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How It Works
SSRIs are a type of medicine that can restore the balance of certain brain chemicals called neurotransmitters. This may help relieve physical and emotional symptoms of PMS. SSRIs are also used to treat depression, anxiety, menopause hot flashes, and chronic pain.
Why It Is Used
SSRIs are often the first-choice medicine for treating severe premenstrual syndrome (PMS) and premenstrual dysphoric disorder (PMDD) symptoms, including depression, anxiety, irritability, anger, mood swings, breast tenderness, bloating, headache, and joint and muscle pain.
For many women, SSRI medicine need only be taken during the premenstrual phase, generally 2 weeks before the start of menstrual bleeding.
How Well It Works
All medicines have side effects. But many people don't feel the side effects, or they are able to deal with them. Ask your pharmacist about the side effects of each medicine you take. Side effects are also listed in the information that comes with your medicine.
Here are some important things to think about:
- Usually the benefits of the medicine are more important than any minor side effects.
- Side effects may go away after you take the medicine for a while.
- If side effects still bother you and you wonder if you should keep taking the medicine, call your doctor. He or she may be able to lower your dose or change your medicine. Do not suddenly quit taking your medicine unless your doctor tells you to.
Call your doctor if you have:
- Thoughts of suicide.
- Agitation and restlessness.
- Fast heartbeat.
- Nausea and vomiting.
Common side effects of this medicine include:
- Loss of sexual desire or ability.
- Trouble sleeping or drowsiness.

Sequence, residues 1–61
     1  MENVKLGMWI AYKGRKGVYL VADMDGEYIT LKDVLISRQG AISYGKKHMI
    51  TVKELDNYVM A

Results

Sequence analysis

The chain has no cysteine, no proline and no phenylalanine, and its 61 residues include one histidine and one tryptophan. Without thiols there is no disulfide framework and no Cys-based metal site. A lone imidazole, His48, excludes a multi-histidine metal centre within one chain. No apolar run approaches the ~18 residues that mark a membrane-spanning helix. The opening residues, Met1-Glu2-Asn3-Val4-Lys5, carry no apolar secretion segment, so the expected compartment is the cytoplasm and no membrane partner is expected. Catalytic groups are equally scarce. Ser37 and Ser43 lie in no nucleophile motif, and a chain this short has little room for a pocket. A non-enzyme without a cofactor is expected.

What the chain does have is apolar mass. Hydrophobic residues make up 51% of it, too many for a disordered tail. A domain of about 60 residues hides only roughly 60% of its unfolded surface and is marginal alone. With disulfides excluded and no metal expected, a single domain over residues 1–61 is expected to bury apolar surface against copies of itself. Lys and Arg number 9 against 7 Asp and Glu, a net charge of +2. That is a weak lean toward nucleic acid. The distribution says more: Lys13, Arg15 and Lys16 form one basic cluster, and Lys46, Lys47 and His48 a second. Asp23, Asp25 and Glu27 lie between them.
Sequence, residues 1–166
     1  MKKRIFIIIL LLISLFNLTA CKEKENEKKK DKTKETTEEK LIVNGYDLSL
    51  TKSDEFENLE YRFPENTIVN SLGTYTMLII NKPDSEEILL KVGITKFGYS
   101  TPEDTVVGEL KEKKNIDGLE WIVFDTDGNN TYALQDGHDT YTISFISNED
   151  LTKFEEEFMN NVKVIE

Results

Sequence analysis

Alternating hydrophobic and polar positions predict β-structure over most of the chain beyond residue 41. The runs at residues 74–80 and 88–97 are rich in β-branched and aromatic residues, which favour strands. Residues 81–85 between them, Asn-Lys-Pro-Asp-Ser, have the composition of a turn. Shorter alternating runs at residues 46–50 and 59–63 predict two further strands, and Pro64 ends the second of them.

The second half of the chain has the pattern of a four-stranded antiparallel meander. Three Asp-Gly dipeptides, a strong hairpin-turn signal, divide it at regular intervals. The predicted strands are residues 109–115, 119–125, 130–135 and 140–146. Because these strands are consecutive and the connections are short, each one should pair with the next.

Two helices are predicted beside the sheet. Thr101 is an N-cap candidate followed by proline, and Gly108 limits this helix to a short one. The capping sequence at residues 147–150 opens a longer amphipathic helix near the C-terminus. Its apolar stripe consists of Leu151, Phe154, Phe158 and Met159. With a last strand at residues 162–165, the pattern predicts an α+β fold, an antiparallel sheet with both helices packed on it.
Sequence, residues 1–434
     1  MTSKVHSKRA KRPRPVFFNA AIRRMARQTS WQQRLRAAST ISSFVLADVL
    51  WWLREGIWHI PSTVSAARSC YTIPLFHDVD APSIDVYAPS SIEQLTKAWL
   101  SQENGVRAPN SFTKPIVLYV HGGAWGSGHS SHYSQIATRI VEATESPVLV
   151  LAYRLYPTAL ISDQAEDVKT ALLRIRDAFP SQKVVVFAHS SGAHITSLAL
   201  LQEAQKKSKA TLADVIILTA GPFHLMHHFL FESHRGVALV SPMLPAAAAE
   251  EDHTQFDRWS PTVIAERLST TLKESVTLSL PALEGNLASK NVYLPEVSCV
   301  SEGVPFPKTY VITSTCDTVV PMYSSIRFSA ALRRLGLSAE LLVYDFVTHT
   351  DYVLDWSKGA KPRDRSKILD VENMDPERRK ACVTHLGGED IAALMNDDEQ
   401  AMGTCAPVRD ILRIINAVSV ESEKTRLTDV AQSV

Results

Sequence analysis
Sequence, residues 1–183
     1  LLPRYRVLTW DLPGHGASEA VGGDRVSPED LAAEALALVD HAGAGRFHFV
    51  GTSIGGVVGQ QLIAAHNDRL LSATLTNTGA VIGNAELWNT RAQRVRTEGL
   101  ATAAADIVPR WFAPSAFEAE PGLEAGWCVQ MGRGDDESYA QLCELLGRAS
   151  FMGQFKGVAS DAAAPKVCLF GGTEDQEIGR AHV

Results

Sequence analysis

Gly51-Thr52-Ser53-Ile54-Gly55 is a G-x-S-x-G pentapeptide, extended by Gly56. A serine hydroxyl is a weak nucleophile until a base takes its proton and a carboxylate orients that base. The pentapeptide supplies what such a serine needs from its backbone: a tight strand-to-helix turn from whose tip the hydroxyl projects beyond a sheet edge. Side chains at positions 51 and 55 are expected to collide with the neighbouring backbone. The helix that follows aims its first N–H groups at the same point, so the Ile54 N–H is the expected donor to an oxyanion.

- Changes in appetite.
FDA advisories. The U.S. Food and Drug Administration (FDA) has issued:
- An advisory on antidepressant medicines and the risk of suicide. Talk to your doctor about these possible side effects and the warning signs of suicide.
- A warning about taking triptans, used for headaches, with SSRIs (selective serotonin reuptake inhibitors) or SNRIs (selective serotonin/norepinephrine reuptake inhibitors). Taking these medicines together can cause a very rare but serious condition called serotonin syndrome.
See Drug Reference for a full list of side effects. (Drug Reference is not available in all systems.)
What To Think About
You can take a selective serotonin reuptake inhibitor (SSRI) by mouth every day of the month. Or you can take an SSRI daily between the day you ovulate and the start of your period (usually about 2 weeks).
SSRIs make bleeding more likely in the upper gastrointestinal tract (stomach and esophagus). Taking SSRIs with NSAIDs (such as Advil or Aleve) makes bleeding even more likely. Taking medicines that control acid in the stomach may help.
As with any medicine, some medicines can adversely interact with an SSRI. Before you try an SSRI, discuss your medicine and dietary supplement use with your doctor.
When you are taking an SSRI continuously, never stop taking it abruptly. The long-term use of an SSRI should be tapered off slowly and only under the supervision of a doctor. Abruptly stopping SSRI medicines can cause flu-like symptoms, headaches, nervousness, anxiety, or insomnia.
Medicine is one of the many tools your doctor has to treat a health problem. Taking medicine as your doctor suggests will improve your health and may prevent future problems. If you don't take your medicines properly, you may be putting your health (and perhaps your life) at risk.
There are many reasons why people have trouble taking their medicine. But in most cases, there is something you can do. For suggestions on how to work around common problems, see the topic Taking Medicines as Prescribed.
Advice for women
Women who use this medicine during pregnancy have a slightly higher chance of having a baby with birth defects. If you are pregnant or planning to get pregnant, you and your doctor must weigh the risks of using this medicine against the risks of not treating your condition.
Follow-up care is a key part of your treatment and safety. Be sure to make and go to all appointments, and call your doctor if you are having problems. It's also a good idea to know your test results and keep a list of the medicines you take.
Primary Medical ReviewerSarah Marshall, MD - Family Medicine
Specialist Medical ReviewerKirtly Jones, MD - Obstetrics and Gynecology
Current as ofMarch 12, 2014